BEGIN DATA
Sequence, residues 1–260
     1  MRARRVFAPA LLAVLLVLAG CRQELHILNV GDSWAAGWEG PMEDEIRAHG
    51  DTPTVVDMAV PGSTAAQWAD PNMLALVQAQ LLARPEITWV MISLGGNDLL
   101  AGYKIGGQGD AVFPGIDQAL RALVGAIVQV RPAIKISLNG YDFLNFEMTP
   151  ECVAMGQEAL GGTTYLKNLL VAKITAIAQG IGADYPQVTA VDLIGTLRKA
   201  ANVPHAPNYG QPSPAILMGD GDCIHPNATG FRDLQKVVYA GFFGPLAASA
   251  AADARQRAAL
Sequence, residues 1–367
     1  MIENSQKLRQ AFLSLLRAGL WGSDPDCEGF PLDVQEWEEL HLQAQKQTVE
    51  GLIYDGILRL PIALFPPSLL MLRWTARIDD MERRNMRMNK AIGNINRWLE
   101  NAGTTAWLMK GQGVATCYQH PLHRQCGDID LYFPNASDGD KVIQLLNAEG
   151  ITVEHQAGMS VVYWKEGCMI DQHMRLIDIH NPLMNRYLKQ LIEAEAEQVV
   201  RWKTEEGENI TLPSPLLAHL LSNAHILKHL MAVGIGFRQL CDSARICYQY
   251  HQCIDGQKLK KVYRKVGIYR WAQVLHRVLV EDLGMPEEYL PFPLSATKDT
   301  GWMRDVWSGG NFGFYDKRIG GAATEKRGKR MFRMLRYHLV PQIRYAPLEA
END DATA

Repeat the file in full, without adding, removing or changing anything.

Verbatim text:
Sequence, residues 1–260
     1  MRARRVFAPA LLAVLLVLAG CRQELHILNV GDSWAAGWEG PMEDEIRAHG
    51  DTPTVVDMAV PGSTAAQWAD PNMLALVQAQ LLARPEITWV MISLGGNDLL
   101  AGYKIGGQGD AVFPGIDQAL RALVGAIVQV RPAIKISLNG YDFLNFEMTP
   151  ECVAMGQEAL GGTTYLKNLL VAKITAIAQG IGADYPQVTA VDLIGTLRKA
   201  ANVPHAPNYG QPSPAILMGD GDCIHPNATG FRDLQKVVYA GFFGPLAASA
   251  AADARQRAAL
Sequence, residues 1–367
     1  MIENSQKLRQ AFLSLLRAGL WGSDPDCEGF PLDVQEWEEL HLQAQKQTVE
    51  GLIYDGILRL PIALFPPSLL MLRWTARIDD MERRNMRMNK AIGNINRWLE
   101  NAGTTAWLMK GQGVATCYQH PLHRQCGDID LYFPNASDGD KVIQLLNAEG
   151  ITVEHQAGMS VVYWKEGCMI DQHMRLIDIH NPLMNRYLKQ LIEAEAEQVV
   201  RWKTEEGENI TLPSPLLAHL LSNAHILKHL MAVGIGFRQL CDSARICYQY
   251  HQCIDGQKLK KVYRKVGIYR WAQVLHRVLV EDLGMPEEYL PFPLSATKDT
   301  GWMRDVWSGG NFGFYDKRIG GAATEKRGKR MFRMLRYHLV PQIRYAPLEA